Otitis means inflammation of the ear and causes ear problems in puppies. Otitis refers to a condition which may develop suddenly (acute), or be ongoing (chronic).
Puppies with drop ears (floppy ears like Cocker Spaniels) are more prone to developing otitis than breeds with naturally erect ears like German Shepherds or the breeds that have their ears cropped. In fact, up to 80 percent of canine ear problems treated by veterinarians occur in drop-eared dogs.
The infection is typically brought on by poor air circulation that promotes moisture in the ear canal conducive to the growth of bacteria, yeast or fungus.
What Causes Otitis
Anything that throws off the normal balance of the ear secretions can result in otitis. This can be caused by something as simple as getting water or soap in the ears during a romp in the lake or during a bath. Other common causes include a foreign body (like a grass seed), parasites like ear mites or ticks, excess hair or mats in or around the ears, allergies, or excess wax production.
Most cases are confined to the external portion of the ear canal and/or the ear flap (pinna) and are termed otitis externa. Otitis externa occasionally advances into the middle ear (otitis media), and even more rarely into the inner ear (otitis interna).
Signs of Otitis
Signs of otitis include painful and sometimes itchy ears that may be red, raw, or even bloody if the dog has scratched them.
Dogs typically hold the painful ear down, tipping their head. Excessive shaking or scratching may result in a hematoma. A bad odor from the ear indicates infection, as does any sort of discharge. Normal wax is light amber; an abnormal discharge is anything different.
Red, itchy ears without discharge are probably due to allergy but may progress to infection due to scratching trauma.
Otitis media usually results from an ascending infection from the external ear canal or penetration of the eardrum by a foreign object. From there, the problem can progress into otitis interna, which can cause severe signs and permanent damage.
Signs of nerve involvement, such as head tilt, droopy eyelids or a facial palsy on the affected side, indicate middle to inner ear involvement. Inner ear infections can interfere with balance, and dogs will walk in circles and/or fall toward the affected side. Severe damage from otitis may result in deafness.
Treatment depends on identifying and addressing the cause of the inflammation. Sedation is often required because the ears are typically very sore. An instrument called an otoscope that has a magnifying lens and light allows the veterinarian to examine the horizontal and vertical ear canal to see if the eardrum is intact.
The status of swelling or scarring of the ear canal is evaluated during the exam, and it's determined if a foreign body is involved. The veterinarian also collects a sample of the discharge when present, and examines it under the microscope to identify the type of bacteria, yeast, fungus or parasite that is involved.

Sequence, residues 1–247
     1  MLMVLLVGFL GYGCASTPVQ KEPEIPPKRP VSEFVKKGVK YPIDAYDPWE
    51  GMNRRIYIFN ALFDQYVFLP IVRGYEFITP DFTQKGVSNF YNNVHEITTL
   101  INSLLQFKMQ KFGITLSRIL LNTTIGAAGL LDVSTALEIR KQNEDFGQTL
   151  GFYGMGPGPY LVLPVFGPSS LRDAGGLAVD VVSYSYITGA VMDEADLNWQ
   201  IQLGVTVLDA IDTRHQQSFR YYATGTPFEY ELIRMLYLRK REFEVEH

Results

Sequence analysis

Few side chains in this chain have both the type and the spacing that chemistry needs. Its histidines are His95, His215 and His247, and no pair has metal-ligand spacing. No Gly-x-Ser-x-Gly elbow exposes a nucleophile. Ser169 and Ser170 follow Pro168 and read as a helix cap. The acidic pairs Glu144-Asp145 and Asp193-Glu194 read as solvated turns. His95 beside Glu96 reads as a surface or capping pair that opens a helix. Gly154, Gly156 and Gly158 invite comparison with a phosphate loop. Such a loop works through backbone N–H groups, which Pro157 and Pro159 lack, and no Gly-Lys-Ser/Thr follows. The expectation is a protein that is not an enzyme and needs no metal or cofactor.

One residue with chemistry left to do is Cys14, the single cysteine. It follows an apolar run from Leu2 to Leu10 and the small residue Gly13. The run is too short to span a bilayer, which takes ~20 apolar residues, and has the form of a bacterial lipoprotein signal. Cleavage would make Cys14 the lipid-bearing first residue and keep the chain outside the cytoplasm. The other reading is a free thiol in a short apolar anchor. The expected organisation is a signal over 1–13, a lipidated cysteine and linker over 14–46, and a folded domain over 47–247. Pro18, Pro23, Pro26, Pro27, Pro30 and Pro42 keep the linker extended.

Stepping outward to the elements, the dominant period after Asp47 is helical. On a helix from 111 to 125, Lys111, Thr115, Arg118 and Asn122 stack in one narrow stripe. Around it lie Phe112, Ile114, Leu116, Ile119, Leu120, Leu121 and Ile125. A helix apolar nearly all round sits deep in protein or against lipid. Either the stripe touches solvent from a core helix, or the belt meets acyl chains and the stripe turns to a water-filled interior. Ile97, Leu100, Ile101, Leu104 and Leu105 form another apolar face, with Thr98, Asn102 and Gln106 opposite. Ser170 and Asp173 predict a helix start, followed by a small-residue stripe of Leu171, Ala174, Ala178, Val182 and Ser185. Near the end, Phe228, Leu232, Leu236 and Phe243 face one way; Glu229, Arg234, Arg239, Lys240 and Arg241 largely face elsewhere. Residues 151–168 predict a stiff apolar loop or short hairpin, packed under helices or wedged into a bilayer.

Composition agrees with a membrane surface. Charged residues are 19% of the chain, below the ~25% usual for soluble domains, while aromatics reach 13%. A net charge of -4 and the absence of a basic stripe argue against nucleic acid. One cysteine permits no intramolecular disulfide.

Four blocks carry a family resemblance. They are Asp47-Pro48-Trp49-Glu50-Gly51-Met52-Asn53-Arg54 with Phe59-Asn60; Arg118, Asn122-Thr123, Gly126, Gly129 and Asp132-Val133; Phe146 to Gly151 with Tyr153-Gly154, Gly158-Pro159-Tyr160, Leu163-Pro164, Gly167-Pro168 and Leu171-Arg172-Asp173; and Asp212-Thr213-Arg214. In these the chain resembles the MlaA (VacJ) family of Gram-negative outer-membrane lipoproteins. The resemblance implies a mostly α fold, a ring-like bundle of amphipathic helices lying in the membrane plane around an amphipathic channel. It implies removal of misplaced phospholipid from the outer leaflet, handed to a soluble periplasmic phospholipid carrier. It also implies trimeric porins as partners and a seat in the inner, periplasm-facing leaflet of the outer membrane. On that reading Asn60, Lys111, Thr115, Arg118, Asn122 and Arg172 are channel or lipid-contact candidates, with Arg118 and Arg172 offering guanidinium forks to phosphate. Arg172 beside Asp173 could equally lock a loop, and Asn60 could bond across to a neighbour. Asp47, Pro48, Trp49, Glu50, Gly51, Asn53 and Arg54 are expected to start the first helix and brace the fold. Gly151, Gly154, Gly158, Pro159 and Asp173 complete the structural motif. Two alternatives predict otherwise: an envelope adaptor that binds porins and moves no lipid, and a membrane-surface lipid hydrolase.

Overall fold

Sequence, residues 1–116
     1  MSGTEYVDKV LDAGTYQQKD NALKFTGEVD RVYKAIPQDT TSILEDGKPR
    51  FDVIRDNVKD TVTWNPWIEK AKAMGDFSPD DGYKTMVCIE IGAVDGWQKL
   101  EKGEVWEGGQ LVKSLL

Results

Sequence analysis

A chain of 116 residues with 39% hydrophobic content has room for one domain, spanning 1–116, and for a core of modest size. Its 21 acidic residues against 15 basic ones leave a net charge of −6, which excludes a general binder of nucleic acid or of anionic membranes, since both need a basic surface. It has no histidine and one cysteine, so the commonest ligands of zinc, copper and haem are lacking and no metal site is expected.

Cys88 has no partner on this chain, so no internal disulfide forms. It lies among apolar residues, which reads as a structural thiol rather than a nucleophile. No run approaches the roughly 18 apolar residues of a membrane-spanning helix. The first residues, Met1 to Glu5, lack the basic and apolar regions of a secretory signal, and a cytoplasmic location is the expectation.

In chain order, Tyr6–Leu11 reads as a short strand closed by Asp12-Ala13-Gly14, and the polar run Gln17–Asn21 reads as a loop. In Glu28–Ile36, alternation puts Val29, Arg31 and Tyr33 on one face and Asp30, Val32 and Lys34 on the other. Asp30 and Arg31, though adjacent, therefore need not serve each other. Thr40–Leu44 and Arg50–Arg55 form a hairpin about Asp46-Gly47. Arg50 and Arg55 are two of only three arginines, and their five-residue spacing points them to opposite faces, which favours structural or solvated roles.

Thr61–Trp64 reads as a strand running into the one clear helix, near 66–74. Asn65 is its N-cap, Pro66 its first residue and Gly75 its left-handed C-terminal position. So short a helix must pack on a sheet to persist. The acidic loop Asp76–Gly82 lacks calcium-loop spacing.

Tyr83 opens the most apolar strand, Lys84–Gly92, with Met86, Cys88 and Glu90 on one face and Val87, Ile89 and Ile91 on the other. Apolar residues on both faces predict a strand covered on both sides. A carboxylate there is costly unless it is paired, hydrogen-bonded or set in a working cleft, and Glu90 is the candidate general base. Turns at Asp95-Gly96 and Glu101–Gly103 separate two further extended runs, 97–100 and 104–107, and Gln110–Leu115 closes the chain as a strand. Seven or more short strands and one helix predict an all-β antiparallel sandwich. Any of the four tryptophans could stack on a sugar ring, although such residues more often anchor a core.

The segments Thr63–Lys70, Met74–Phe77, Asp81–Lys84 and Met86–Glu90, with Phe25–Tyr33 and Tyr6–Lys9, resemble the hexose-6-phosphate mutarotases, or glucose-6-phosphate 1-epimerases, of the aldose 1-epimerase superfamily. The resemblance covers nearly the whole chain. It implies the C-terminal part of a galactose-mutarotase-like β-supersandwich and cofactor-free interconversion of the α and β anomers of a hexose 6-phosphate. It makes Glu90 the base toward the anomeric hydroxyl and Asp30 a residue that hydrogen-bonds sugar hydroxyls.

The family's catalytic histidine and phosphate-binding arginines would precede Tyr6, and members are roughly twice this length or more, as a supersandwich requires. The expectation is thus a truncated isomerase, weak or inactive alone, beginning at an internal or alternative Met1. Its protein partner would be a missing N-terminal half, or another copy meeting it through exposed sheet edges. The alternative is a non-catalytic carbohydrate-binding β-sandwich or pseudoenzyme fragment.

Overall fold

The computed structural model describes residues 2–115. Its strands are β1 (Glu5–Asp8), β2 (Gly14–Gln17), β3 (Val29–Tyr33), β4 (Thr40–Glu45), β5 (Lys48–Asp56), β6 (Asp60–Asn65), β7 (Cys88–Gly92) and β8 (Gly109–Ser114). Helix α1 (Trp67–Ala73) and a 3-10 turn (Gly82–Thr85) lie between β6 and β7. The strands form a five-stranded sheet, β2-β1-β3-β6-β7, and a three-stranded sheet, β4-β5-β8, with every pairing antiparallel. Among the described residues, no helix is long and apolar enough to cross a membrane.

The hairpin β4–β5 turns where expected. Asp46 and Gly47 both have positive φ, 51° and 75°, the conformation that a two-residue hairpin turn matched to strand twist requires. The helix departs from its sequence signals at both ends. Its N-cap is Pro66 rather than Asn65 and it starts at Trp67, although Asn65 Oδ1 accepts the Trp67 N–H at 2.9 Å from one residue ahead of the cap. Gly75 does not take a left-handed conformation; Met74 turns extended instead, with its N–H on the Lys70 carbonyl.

Treatment begins with a thorough cleaning and drying of the ears; general anesthesia may be required. Your veterinarian will know which cleaning solutions are most appropriate. If the eardrum is ruptured, some solutions or medications can actually damage the middle ear, and make a bad situation even worse. Wax-dissolving solutions are particularly helpful with pups suffering from seborrhea.
After the initial cleaning and flushing of the affected ears, most cases can be treated by owners at home once shown how to medicate the ears by the veterinarian. Topical antibiotic ointments and drops, sometimes with steroids to reduce itchiness and inflammation, are generally prescribed for bacterial infections. Medicine is usually administered twice a day for two weeks.
Fungus and yeast infections require antifungal medications and typically take longer to resolve and often recur.
If the infection is caused by more than one thing, an antifungal/antibacterial cream may be prescribed to address all issues.
Treatment usually resolves acute otitis within two or three days, but chronic problems take much longer to cure and often recur. If the eardrum is punctured, six weeks or more of treatment may be required to prevent permanent damage to hearing or balance. Sometimes the veterinarian must lance the eardrum to relieve the pressure of infection that has built up; usually, the eardrum heals quickly.
Care for Chronic Otitis
Chronic problems tend to leave the ear canal swollen. When this is the case, or when infections are deep inside the ear, drops and ointments may not reach the source and surgery may be necessary to clean out these pockets of infection. Long-term oral antibiotics are given to fight the infection, along with steroids to address inflammation and protect nerve involvement.
Surgical restructuring of the ear canal may be required in cases of severe chronic infection. The vertical portion of the canal is removed, and a new opening created to allow better aeration and drainage. When there is severe damage to the middle or inner ear, neurologic signs may continue for the rest of the dog's life even after the infection is cured.
The best way to prevent otitis is to keep your pup's ears clean and dry. Avoid getting water into the ears during baths, and inspect the dog's ears for grass awns or other debris particularly after rambles through the brush. Your veterinarian may dispense a drying agent or acidifying solution for use in your dog's ears, particular water-loving dogs that are hard to keep out of the water.